Colonial Bought Cyber Insurance Through AON - $15M Lloyd's of London Policy
Let's see if there's a loophole for Lloyd's

Colonial Pipeline Paid $5M in Cryptocurrency in Ransomware Attack
The payment was reportedly made soon after the attack began. It wasn't enough to stop the disruption.

On Thursday, Bloomberg reported that two people close to the matter said a blackmail demand was agreed to within hours of the cyberattack that has impacted the fuel giant's systems for close to a week.

The publication says that the payment was made to DarkSide malware operators in cryptocurrency in order to secure a decryption key and restore systems rendered inoperational by the ransomware.

DarkSide affiliates may also use double-extortion tactics, in which corporate files are also stolen during an attack. If a company refuses to pay up to decrypt their systems, they are then threatened with the public leak of stolen data.

FireEye researchers say that DarkSide's developers take a profit cut of 25% for ransom payments under $500,000, and this reduces to 10% for payments made over $5 million.

According to Reuters, Colonial Pipeline has cyber insurance coverage of at least $15 million. Colonial Pipeline has cyber insurance arranged by broker Aon, with Lloyd's of London insurers AXA XL and Beazley among the underwriters, three sources told Reuters on Thursday.

Cyber insurance typically covers ransom payments and insurers often provide staff to negotiate with the hackers, in addition to IT and public relations services. zdnet.com

You should be clear-eyed about what your data's really worth to you
Why You Should Be Prepared to Pay a Ransom
Companies that claim they'll never pay up in a ransomware attack are more likely to get caught flat-footed.

Mike Tyson used to say, "Everyone has a plan until they get punched in the face." It's much the same with ransomware attacks: No matter how much you insist that of course you'd never pay a ransom, your plans go out the window the first time you see all your organization's computers showing that "You've been hacked" screen.

The truth is that organizations are increasingly paying ransoms to recover their data. In fact, 70% of businesses hit by ransomware attacks wind up forking over thousands of dollars to their attackers. Even local governments have paid ransoms to regain access to vital services. No matter how much we tell one another that we'd do things differently, the reality is that when your data disappears and you start losing clients or missing deadlines, you'll pay virtually any price to put things right. darkreading.com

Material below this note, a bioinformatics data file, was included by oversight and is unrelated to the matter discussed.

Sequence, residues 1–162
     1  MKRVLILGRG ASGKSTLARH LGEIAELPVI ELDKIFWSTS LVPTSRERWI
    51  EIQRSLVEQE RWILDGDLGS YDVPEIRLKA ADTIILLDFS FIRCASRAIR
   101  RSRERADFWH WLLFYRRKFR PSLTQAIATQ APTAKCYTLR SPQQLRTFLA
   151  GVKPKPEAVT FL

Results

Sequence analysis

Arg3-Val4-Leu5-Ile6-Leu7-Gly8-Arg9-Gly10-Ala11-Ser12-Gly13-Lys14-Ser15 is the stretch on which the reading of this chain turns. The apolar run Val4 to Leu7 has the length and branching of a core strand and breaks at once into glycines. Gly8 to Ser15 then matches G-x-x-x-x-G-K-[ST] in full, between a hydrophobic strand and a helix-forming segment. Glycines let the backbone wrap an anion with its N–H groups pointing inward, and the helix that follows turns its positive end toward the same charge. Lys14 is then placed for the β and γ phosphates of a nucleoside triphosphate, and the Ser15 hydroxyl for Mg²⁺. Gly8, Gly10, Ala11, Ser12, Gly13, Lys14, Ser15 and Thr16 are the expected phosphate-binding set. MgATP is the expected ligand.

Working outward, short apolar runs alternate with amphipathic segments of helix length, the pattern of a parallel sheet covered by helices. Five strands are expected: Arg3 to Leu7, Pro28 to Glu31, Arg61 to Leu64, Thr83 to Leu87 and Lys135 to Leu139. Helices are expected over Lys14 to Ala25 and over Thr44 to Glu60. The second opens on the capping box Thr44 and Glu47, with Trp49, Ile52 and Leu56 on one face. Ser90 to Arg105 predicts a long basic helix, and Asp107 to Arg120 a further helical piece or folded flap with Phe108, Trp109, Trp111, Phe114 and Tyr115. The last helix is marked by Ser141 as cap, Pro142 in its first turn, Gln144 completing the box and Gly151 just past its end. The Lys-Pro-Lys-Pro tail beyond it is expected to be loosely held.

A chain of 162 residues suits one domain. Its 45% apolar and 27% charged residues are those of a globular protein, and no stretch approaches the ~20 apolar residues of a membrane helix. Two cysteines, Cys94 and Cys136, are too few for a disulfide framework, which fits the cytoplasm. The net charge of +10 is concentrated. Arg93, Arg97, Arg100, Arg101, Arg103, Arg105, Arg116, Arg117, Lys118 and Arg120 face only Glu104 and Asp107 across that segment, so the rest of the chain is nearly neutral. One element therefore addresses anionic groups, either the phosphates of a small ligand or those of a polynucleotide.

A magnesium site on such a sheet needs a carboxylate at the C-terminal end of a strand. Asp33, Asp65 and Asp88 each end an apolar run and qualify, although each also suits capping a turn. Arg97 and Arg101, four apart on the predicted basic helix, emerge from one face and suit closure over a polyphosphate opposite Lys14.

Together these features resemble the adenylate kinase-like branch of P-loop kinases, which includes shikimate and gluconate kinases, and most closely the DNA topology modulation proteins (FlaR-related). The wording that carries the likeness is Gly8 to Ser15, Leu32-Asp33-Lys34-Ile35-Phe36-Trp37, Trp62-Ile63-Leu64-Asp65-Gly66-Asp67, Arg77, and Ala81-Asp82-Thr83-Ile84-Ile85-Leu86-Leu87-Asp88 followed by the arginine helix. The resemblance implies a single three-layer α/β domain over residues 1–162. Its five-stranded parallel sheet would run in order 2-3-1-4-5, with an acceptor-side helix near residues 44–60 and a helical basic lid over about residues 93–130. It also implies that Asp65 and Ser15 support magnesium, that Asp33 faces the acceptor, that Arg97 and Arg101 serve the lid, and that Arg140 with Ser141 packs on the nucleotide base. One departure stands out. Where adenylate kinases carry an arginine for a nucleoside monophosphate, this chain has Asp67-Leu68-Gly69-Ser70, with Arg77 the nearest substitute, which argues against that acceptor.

Corrupt Safe Havens Don't Mind a Little Bit of Crime

Cryptocurrency fuels ransomware payment
The rapid ascent of crypto, like other emerging technologies before it, has challenged the federal government's ability to regulate.

AdvertisementThrough monetary losses and stalled operations, members of Congress and their constituents have felt the effects of ransomware - and the anonymity of cryptocurrency is causing the ransomware problem to grow, they said.

"Two more recent factors have thrown fuel on the already smoldering heat [of ransomware]: the spread of cryptocurrencies that enable the transfer of funds largely outside the eyes of financial regulators, and corrupt safe havens that don't mind if a little crime happens on their turf," said Chris Krebs, former director of the Cybersecurity and Infrastructure Security Agency (CISA), during the hearing.

In Q1 2019, 98% of ransomware payments were in bitcoin, according to Emsisoft. "Bitcoin has become an inextricable part of the ransomware model," the firm said. In 2020, ransom payments reached $350 million in cryptocurrency, according to a report prepared by the Institute for Security and Technology (IST) for the Ransomware Task Force, which included representatives from the Global Cyber Alliance and Palo Alto Networks, among others. In Q4 2020, the average ransom was $154,108, the report said.

The cryptocurrency ecosystem may allow cybercriminals to hide in unregulated spaces. Despite gray, unregulated areas, major financial institutions, including Goldman Sachs, are refreshing their tolerance of Bitcoin and crypto investments. paymentsdive.com

What the pipeline attack means for critical infrastructures




Racial Equality & Marijuana Policing
Minnesota legal marijuana advocates focus on racial equity

Bill getting a House vote Thursday aims to address the toll marijuana policing has taken on communities of color.